I can’t drive 30

A government traffic engineer told me his team used to routinely review speed limits until they noticed nobody in authority was acting on staff reports. A key feature feature of California’s speed trap law is a requirement to review old speed limits. In New England speed traps don’t expire, they get seniority.

Six months ago the chair of the Saugus, Massachusetts Board of Selectmen called for a speed limit reduction she knew was wrong. She couldn’t drive 25, but asked everybody else to. An engineering consultant’s report out this month confirms speed limits in town are already too low.

Headlines only said the consultant did not recommend reducing speed limits. The facts in the report said speed limits should be increased. I’ve seen this one before in Connecticut. There the First Selectman asked for a speed limit reduction. A state engineer found the speed limit should be raised from 40 to 50. It was a state road so he could have and should have done it. Instead the report only said no reduction was needed.

Knowing your real job is important. The Traffic Commission in Connecticut and the consulting firm TEC in Massachusetts were not doing speed zoning. They were doing public relations.

TEC made some effort to avoid places where the speed limit was obviously too low. But they still managed to find and ignore some.

The basic principle of speed zoning says the guy behind the wheel knows better than the guy behind a desk. That’s why engineers measure traffic speed. That’s why they drive the road for themselves. Behind the wheel, an engineer felt it was safe to go 10 miles per hour over the speed limit. Back behind her desk she forgot all about that.

Since you don’t need a long explanation of every street in a town you’ve never been to, I’ll just look at one: Water Street. See page 25 of the report.

It’s a typical suburban minor arterial. Most of the frontage is a golf course or back sides of lots. Where it is built up the houses are 100 feet apart.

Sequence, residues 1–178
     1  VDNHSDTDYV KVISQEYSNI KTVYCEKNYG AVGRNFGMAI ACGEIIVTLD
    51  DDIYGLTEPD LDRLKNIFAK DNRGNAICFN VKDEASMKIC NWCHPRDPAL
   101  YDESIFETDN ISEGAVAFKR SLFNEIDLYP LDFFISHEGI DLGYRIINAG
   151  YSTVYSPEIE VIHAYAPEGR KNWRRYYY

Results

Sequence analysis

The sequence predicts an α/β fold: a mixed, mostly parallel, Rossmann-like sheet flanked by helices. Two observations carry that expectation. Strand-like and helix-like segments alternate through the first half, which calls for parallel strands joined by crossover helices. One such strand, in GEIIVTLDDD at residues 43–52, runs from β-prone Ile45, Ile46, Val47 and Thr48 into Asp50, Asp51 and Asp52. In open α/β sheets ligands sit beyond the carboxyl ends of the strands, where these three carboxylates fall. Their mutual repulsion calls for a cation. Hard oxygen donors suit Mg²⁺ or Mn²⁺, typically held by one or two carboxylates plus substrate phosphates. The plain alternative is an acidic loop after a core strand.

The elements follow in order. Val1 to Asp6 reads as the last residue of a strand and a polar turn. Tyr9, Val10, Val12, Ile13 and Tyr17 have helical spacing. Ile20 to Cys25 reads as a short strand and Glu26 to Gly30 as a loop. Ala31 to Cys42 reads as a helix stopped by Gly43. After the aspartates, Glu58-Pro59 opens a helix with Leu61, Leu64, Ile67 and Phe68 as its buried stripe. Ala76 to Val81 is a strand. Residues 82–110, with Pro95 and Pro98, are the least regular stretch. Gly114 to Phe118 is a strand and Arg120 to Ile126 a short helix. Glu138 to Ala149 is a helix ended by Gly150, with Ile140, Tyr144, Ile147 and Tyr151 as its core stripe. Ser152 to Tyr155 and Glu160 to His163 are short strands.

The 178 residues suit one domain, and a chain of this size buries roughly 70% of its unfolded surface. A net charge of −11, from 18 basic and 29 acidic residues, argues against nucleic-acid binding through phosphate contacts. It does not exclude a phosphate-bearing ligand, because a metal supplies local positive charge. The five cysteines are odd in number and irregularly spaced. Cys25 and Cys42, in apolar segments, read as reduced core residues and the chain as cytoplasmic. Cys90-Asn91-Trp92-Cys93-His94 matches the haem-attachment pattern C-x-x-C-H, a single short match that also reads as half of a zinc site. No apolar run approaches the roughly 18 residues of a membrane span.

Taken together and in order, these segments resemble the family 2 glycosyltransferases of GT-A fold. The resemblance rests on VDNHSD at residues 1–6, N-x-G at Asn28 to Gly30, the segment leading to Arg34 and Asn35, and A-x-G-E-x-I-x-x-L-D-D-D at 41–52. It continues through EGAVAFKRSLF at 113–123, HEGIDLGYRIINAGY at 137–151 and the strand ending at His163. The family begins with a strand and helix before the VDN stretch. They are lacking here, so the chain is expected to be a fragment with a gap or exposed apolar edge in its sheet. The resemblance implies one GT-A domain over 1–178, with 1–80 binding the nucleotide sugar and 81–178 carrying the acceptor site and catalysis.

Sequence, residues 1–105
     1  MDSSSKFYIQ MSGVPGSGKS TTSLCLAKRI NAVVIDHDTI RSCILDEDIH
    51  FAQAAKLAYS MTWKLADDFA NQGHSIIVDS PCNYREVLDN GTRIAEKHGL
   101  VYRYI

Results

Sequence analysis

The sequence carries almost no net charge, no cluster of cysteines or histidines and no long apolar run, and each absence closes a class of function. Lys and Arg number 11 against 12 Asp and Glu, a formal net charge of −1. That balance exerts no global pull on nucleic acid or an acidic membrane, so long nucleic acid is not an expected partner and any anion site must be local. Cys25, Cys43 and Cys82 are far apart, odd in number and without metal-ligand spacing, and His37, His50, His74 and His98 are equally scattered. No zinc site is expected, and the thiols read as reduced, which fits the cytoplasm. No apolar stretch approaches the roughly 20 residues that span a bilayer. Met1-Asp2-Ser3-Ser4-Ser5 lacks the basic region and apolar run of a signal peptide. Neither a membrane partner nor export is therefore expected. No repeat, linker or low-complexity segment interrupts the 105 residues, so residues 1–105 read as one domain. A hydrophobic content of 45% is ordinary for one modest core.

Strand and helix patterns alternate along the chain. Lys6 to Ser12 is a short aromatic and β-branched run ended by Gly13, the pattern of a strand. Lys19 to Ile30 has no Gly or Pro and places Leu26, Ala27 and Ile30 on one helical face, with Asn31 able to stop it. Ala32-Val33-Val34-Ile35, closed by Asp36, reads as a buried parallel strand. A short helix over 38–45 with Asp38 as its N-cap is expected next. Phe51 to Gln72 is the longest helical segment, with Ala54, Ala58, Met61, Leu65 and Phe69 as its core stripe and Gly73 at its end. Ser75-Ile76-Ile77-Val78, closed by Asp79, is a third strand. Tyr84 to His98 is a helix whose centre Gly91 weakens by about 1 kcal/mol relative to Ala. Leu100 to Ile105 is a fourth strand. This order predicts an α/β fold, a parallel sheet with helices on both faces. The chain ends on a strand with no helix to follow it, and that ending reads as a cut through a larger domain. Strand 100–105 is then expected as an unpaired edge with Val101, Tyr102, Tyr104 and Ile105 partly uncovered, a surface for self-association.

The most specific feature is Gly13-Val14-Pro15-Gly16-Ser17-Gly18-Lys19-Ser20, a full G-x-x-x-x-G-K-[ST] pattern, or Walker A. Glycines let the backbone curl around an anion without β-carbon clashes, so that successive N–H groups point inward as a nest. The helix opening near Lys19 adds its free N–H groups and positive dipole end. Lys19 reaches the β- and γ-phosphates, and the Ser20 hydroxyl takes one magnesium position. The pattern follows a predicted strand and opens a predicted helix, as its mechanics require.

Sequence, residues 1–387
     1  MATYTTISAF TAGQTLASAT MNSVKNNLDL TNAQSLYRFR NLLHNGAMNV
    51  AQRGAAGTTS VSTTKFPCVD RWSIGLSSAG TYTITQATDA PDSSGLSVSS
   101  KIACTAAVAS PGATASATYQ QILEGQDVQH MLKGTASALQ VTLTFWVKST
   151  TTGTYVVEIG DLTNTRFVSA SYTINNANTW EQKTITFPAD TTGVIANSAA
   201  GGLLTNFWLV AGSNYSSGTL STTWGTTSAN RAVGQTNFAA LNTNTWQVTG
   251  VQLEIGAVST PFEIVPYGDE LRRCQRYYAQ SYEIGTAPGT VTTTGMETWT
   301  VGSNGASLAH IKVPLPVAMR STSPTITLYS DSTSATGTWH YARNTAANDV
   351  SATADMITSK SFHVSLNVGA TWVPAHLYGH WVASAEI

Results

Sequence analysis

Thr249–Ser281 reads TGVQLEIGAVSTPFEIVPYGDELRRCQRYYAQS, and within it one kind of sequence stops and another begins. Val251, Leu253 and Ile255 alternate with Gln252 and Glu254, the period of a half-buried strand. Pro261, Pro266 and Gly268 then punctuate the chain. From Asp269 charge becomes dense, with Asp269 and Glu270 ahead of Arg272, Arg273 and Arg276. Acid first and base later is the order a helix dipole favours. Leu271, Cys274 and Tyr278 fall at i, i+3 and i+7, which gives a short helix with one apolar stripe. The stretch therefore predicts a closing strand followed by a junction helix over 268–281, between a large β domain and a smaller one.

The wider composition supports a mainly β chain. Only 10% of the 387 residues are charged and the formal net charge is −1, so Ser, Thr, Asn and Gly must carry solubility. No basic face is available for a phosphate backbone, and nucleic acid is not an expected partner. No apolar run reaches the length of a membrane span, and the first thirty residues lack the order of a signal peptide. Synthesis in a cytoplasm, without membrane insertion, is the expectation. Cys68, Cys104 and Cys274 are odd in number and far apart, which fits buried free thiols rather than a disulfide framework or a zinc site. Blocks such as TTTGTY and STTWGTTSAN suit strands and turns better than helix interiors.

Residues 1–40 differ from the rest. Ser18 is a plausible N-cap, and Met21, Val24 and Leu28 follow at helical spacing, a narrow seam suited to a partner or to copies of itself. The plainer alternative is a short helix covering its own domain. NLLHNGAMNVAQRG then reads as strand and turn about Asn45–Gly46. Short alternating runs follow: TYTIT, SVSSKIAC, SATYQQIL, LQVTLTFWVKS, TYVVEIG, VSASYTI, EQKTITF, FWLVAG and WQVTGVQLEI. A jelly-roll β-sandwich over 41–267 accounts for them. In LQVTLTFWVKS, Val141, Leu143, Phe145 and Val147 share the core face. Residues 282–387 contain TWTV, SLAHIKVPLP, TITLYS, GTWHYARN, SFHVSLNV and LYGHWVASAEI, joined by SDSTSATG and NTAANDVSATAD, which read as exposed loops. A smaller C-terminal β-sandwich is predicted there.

The 85th percentile speed of traffic is 40 mph. Trial runs found the safe speed was between 40 and 50. State rules discourage speed limits above the 95th percentile speed, so 45 is too high. There was not a high crash rate or anything else out of the ordinary so 35 is too low. Consistent with professional and legal standards the only possible recommendation was a 40 mile per hour speed limit.

And here is the problem if you want to work for the government. Existing speed limits were below 40. The customer was asking for a speed limit reduction. Recommending no change was barely acceptable. Recommending an increase was not. The engineer acknowledged recommending no change violated professional standards, but did it anyway.

Where’s the acknowledgement? Two things. The recommended 30 mile per limit is “below the safe speed range.” Dangerously low, in other words. And it “matches the statutory speed limit.” Well so what if it matches?

If it were illegal to post higher than 30, that would be worth noting. Many engineers work under rules that say they can’t set limits below 25 or above 55. But the fact that the speed limit is 30 unless otherwise posted is irrelevant. The engineer’s job is to find what the speed limit should be, not what it would have been.

I can’t count how many times I’ve seen this. The evidence points one way but the conclusion of the report points the other based on some flimsy pretext.

All the facts said 40 but the lady paying the bills said 30. Money wins. If you need a consultant to break the rules, TEC has your back.

The opinions expressed in this post belong to the author and do not necessarily represent those of the National Motorists Association or the NMA Foundation. This content is for informational purposes and is not intended as legal advice. No representations are made regarding the accuracy of this post or the included links.

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2 Responses to “I can’t drive 30”

  1. James C. Walker says:

    As John knows, when he and other NMA members attended three sessions of the National Committee on Uniform Traffic Control Devices, we met many engineers who would tell us off the record things like:
    “I know what is right, but I have given up trying to overcome the political insistence to do the wrong things.”
    “If I went ahead and did the right things, I would lose my job.”

  2. John Carr says:

    A commenter off site complained that I didn’t discuss pedestrians and bicycles. The report noted there were no pedestrian or bicyclist crashes on Water Street. See page 22. So not much to discuss. The most common crash type was single vehicle in bad weather. One of 21 crashes over five years was determined to be “directly related to speed.” The report did note that some crashes could have been caused by the speed limit being too low.